On numerous occasions, Nigeria’s depleting oil reserves have been extensively discussed as the unrelenting reduction without replacement has become worrisome.
Nigeria is blessed with abundant natural resources but the fact is the huge deposits of these resources do not corroborate with the level of development garnered since independence.
This shows that one does not need to be told that the monster called corruption is responsible. It means that wealth without industrialisation, and without probity will result in technological and economic under-development.
Yes, we have iron ore, bitumen, granite, limestone, marble, coal, clay, zinc, among others, but are we producing enough for local consumption and export? Are we effectively using our coal to generate electricity and liquid fuel?
Nigeria has a wide diversity of soil; the northern soil is good for the production of groundnut, sorghum, cowpea and millet. The interior zone made up of sand and clay soil is useful for the production of cotton. The southern zone is good for the production of crops such as cocoa, oil palm and rubber. Alluvia zones found along flooded plains of rivers, deltas and coastal regions can grow wheat, rice, maize, soya bean, cotton and the like. Our soil is great for growing all sorts of crops, so, what else do we need?
Being endowed with a plethora of natural resources is not a prerequisite for economic development. A case of Japan, a mountainous, volcanic island country that exports automobiles to all nations of the world comes to mind – her power of industrialisation, bears noting. Similarly, Singapore, with no or little natural resources shows the world how a tiny island can become one of the world’s most prosperous and advanced economies. Singapore had to import everything it needs, including water from the neighbouring Malaysia. Can we learn from it?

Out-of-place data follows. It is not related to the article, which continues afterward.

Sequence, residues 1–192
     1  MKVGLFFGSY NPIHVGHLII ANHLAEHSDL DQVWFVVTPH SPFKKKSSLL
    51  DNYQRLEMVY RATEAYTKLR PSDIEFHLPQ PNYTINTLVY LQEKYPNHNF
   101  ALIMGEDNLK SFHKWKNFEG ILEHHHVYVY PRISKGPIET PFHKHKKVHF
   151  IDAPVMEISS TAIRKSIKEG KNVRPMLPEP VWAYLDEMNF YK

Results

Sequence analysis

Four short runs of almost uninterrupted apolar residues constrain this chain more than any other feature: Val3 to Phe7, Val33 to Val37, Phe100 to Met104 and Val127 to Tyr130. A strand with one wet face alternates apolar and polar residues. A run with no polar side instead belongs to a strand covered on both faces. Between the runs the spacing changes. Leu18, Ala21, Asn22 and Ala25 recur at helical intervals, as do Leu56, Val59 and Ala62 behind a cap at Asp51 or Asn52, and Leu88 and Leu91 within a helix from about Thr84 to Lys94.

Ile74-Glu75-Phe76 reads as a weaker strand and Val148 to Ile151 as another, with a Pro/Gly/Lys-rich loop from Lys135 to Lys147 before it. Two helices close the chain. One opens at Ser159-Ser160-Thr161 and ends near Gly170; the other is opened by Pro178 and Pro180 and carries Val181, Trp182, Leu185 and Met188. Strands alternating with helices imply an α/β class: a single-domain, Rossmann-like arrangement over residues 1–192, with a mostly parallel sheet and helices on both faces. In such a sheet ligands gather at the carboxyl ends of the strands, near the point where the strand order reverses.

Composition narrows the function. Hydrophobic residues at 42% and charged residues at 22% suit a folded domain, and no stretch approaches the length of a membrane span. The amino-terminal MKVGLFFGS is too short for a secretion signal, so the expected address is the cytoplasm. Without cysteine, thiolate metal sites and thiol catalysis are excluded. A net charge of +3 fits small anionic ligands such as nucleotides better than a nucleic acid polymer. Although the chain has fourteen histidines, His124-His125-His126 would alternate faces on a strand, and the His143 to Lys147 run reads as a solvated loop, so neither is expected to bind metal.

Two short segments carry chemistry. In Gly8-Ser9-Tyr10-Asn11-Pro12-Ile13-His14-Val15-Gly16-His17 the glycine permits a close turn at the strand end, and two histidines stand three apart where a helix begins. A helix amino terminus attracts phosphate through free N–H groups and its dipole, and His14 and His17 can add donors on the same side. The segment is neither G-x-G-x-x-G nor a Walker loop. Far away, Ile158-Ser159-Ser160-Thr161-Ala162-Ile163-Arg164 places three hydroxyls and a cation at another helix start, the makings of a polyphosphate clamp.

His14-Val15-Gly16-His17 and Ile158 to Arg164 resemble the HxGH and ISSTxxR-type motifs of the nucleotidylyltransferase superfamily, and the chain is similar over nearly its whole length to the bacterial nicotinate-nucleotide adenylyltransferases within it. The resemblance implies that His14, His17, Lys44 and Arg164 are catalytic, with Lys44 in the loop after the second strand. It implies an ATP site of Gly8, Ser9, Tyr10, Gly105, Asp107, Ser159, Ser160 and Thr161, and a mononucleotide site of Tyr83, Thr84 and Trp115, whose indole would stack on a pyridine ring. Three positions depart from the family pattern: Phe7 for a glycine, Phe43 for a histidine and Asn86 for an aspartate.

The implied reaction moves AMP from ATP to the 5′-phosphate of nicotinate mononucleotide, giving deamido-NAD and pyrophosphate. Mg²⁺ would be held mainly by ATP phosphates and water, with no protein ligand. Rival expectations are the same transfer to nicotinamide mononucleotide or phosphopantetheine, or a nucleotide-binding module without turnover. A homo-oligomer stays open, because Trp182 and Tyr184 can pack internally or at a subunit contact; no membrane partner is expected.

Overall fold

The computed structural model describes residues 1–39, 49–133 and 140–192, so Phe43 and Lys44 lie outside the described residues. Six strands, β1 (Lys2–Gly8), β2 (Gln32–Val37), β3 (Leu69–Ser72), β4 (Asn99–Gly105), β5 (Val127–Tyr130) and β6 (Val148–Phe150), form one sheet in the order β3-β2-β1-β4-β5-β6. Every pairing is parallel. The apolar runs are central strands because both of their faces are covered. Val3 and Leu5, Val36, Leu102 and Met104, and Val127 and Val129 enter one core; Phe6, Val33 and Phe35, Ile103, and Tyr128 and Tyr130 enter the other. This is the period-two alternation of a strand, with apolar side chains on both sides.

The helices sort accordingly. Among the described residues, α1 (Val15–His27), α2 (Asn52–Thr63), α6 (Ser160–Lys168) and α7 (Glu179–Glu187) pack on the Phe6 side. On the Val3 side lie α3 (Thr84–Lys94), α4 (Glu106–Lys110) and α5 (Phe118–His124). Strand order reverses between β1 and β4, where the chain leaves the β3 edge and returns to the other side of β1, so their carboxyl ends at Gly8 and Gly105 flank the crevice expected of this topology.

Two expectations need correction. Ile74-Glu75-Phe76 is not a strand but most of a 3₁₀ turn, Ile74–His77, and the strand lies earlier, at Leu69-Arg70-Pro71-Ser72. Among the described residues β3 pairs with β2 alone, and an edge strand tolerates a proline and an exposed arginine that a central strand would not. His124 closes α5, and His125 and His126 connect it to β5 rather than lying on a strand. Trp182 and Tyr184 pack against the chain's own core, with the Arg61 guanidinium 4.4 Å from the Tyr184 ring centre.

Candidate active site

At the moment, there is a rising attractiveness of producing electric cars. From Europe to America to Asia. A majority of these advanced countries are considering a ban on the sale of gasoline-powered cars. If this happens, what is Nigerian’s fate on the sale of oil? The nominal Gross Domestic Product contribution of oil to the Nigerian economy may be as high as 70 per cent, for an import dependent economy like ours; the implication is grave. Oil companies may lay off workers, reduction in the sale of oil, and the country’s debt profile may increase. A huge sick government balance sheet looms.
Nigeria is not short of options but she is bereft of true leadership. A leader who can guarantee security and safety of investors and stakeholders; a leader who can provide adequate power supply eluding us for decades, and a leader who can eradicate multiple taxation, as well as ensure that business is conducted in a transparent and ethical manner. Such a leader will also be expected to provide an enabling fiscal and regulatory environment for small and medium businesses to thrive, and ensure the country’s uncultivated soil is cultivated.
It is high time Nigeria diversified her economic base beyond policy pronouncements, to non-oil production and other untapped minerals.
Are Nigerians having a robust and concrete vision targeted at living without oil? The country’s paradigm shift, a diversification of her economy is fundamental if we must avoid the doldrums of sword of Damocles swinging. Then, when push comes to shove, Nigerians will be largely reaping the reward of her preparation.